The Massachusetts startup has devised an online tool for local governments to draft, publish and automatically update their budgets in a way they hope is more user-friendly and accessible to citizens than the status quo.
By law, local governments must produce a public record of each year’s budgetary decisions, a “budget book” that details agency revenue, expenses and financial priorities. For some governments, this is a time-consuming process involving lots of Word and Excel documents, a considerable amount of staff time, and an end result that can be hard for citizens to read and understand.
To that extent, it was an ideal process for ClearGov, a company that makes data visualization and budgeting tools, to tackle.
In a blog post earlier this month, the Massachusetts-based startup announced Digital Budget Book, an interactive, online, software-as-a-service tool that can populate interactive charts, graphs and tables with a government’s raw budget data in one click. From there, the user, such as a government finance director, can customize the content, add their own pages and graphics and make the result available online or in PDF form for the public. When budget numbers change, the software automatically detects those changes and updates Digital Budget Book’s charts and figures accordingly.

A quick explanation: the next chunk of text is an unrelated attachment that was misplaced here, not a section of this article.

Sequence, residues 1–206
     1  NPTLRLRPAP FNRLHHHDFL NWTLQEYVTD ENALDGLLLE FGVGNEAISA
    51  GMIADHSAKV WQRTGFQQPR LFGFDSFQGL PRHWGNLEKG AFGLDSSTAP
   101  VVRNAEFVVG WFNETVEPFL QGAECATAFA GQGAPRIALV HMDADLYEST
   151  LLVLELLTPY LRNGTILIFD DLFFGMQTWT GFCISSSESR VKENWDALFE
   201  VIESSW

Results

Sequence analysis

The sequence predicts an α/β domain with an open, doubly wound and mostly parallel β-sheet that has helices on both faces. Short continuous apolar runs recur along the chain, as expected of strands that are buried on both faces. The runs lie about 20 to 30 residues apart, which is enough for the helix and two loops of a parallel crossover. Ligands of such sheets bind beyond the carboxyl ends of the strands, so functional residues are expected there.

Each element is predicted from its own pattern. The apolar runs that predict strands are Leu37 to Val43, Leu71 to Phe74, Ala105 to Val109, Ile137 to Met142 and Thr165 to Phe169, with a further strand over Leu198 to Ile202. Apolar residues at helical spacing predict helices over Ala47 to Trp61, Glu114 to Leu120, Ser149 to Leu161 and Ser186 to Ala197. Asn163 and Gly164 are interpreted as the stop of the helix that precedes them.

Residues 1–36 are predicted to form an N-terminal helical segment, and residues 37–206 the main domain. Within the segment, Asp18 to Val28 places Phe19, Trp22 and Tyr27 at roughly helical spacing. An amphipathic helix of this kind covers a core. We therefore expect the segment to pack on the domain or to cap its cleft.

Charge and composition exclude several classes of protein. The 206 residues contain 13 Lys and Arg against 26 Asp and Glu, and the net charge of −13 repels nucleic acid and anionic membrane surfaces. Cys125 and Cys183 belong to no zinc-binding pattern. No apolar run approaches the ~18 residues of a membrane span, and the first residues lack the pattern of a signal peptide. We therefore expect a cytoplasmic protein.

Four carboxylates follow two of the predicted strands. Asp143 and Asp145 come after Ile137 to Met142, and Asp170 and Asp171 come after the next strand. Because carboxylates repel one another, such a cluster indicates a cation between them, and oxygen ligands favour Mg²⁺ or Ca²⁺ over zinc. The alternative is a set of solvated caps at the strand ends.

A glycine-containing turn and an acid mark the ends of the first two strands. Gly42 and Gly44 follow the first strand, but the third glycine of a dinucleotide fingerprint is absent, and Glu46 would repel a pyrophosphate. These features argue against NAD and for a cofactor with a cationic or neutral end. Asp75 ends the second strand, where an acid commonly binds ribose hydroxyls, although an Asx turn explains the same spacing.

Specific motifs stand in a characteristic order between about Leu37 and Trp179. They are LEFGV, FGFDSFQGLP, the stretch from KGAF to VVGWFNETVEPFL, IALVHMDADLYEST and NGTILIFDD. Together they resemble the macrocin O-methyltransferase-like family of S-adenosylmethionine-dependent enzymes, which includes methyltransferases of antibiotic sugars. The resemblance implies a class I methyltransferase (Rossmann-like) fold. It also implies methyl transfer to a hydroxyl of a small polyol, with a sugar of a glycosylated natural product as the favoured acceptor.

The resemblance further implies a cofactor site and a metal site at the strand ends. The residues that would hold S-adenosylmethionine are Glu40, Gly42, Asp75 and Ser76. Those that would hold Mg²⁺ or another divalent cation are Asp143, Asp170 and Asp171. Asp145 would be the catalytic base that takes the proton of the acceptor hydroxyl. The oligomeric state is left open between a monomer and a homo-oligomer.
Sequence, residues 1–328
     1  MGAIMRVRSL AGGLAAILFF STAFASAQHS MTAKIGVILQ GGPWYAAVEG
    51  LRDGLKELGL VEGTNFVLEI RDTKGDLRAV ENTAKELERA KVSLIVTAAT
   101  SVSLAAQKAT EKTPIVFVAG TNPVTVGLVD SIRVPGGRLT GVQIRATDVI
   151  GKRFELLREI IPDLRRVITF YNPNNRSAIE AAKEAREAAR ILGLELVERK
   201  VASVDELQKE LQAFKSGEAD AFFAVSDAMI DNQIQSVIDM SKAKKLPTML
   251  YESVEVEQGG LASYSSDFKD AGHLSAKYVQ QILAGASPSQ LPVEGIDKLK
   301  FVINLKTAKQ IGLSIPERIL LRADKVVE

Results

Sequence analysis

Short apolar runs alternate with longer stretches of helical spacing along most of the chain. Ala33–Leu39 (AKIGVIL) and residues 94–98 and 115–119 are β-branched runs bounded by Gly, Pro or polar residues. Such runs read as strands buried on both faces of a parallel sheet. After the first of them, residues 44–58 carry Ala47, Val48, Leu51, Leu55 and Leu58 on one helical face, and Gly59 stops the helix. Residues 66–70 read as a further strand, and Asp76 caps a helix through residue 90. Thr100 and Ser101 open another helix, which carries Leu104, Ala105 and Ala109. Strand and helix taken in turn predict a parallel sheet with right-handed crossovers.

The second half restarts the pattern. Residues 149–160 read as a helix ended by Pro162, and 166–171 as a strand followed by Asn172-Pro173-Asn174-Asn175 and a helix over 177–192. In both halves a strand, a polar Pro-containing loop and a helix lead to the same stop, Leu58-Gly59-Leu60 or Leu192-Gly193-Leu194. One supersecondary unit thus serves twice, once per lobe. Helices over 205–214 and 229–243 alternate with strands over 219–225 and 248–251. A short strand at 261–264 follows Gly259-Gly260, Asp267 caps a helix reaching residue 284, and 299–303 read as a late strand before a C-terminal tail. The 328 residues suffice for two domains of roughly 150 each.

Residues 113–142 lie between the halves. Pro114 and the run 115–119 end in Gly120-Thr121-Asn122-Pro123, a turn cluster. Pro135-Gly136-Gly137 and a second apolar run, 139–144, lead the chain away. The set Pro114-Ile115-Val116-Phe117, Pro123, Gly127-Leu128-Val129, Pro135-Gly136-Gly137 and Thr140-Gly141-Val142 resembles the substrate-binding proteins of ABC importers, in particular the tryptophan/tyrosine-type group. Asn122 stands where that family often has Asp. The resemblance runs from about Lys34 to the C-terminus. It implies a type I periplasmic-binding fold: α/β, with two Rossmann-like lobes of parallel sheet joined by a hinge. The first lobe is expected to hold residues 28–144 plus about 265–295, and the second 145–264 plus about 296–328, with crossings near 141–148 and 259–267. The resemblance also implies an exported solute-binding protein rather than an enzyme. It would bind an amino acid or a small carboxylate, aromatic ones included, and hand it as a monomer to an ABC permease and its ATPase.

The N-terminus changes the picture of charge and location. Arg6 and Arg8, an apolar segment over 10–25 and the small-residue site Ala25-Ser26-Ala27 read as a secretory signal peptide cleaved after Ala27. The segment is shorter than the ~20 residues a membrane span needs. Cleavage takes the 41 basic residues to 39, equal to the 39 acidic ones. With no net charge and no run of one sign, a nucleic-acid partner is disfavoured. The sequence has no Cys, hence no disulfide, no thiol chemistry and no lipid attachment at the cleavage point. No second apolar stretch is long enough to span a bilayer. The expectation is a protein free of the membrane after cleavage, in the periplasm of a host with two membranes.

Consistent with its other SaaS products, part of ClearGov’s pitch for Digital Budget Book centers around ease of use and implementation, government transparency, citizen-friendly presentation, and cost savings by reducing staff time spent on a necessary but tedious process. The news release said ClearGov built the product according to criteria from the Government Finance Officers Association, used every year for their Distinguished Budget Presentation Awards, so public officials aiming for that distinction can see GFOA’s checklist in ClearGov’s interface.
Digital Budget Book marks the third SaaS in ClearGov’s lineup after Insights, a series of informational dashboards for the public, and a financial planning tool called Budgets. Many of the company’s new tools, functions and announcements in recent years have attempted to make local government decisions more collaborative and open to public inspection. Among other things, these have included building data portals for every town in the U.S., taking fiscal planning online, building a network of partners to publish data, and adding key performance indicators to its dashboards.
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